This study has further revealed that the majority of the obstetric care givers had few skills on the appropriate completion of the partograph as all of the labour parameters were recorded to standard in less than 40% of the modified WHO partographs reviewed. This finding was slightly lower than the findings from Dar es Salaam, Tanzania  where only two labour parameters were monitored by over 40% of the partographs.
Lack of documentation and suboptimal documentation of some parameters of the progress of labour could hinder early detection of complications. Early detection and timely intervention on obstetric complications are the most important activities to prevent maternal and perinatal mortality and morbidity . The poor documentation of the parameters found in the present study likely reflects poor intrapartum care and could partly explain the existing high maternal and perinatal mortality in Ethiopia [14, 15]. A pre and post educational assessment along with the documentation of outcomes may provide further impetus for appropriate completion of the partograph.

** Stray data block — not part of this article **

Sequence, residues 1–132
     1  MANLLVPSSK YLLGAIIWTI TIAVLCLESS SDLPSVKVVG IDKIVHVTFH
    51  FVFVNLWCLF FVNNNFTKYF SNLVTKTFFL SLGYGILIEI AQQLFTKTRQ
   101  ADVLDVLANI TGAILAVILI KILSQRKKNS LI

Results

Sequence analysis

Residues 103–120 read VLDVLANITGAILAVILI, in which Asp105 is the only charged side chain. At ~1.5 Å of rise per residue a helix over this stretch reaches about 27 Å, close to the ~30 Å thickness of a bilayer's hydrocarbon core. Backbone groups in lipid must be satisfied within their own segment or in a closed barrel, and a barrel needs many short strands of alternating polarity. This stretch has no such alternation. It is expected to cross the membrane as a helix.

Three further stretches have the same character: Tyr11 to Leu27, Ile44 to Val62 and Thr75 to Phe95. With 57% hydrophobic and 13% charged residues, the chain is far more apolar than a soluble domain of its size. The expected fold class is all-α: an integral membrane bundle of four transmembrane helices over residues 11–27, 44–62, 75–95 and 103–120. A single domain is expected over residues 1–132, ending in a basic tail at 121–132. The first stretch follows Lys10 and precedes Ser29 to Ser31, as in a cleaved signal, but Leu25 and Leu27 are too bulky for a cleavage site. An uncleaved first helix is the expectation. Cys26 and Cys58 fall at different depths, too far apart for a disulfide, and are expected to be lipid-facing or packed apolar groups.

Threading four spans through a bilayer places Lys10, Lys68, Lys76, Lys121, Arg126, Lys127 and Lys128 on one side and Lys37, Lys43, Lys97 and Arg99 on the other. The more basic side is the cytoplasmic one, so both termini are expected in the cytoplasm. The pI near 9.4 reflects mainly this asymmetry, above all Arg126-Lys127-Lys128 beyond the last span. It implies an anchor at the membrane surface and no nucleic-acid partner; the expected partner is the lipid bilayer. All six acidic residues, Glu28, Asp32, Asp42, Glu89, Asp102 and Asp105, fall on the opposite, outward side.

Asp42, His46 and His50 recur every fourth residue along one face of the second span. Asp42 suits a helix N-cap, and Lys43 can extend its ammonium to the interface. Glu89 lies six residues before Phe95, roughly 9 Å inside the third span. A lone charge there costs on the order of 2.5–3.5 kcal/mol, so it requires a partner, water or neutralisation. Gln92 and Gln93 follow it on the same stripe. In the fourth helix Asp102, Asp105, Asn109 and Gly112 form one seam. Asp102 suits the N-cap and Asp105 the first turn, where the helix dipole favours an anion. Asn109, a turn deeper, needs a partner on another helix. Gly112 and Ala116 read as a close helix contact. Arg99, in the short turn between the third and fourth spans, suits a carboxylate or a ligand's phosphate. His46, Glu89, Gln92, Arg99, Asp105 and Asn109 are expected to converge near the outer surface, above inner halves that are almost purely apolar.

The limitations of this study could include the following. Firstly, the study assessed only the completion of the parameters of the partograph during labour. As completion may not necessarily mean use, the findings of the present study may not show the extent of use of the partograph for monitoring labour progress. The partographs might have been used only to record events in labour rather than to guide management of labour. Secondly, the study could not assess documentation of results of biochemical tests on the modified WHO partographs like tests for urine sugar as these were expected to have been rarely performed due to non-availability of required supplies in all units. Lastly, as this study is confined to public health facilities of Addis Ababa, Ethiopia, the findings may not be generalizable to private health facilities as well as to public and private health facilities out of Addis Ababa.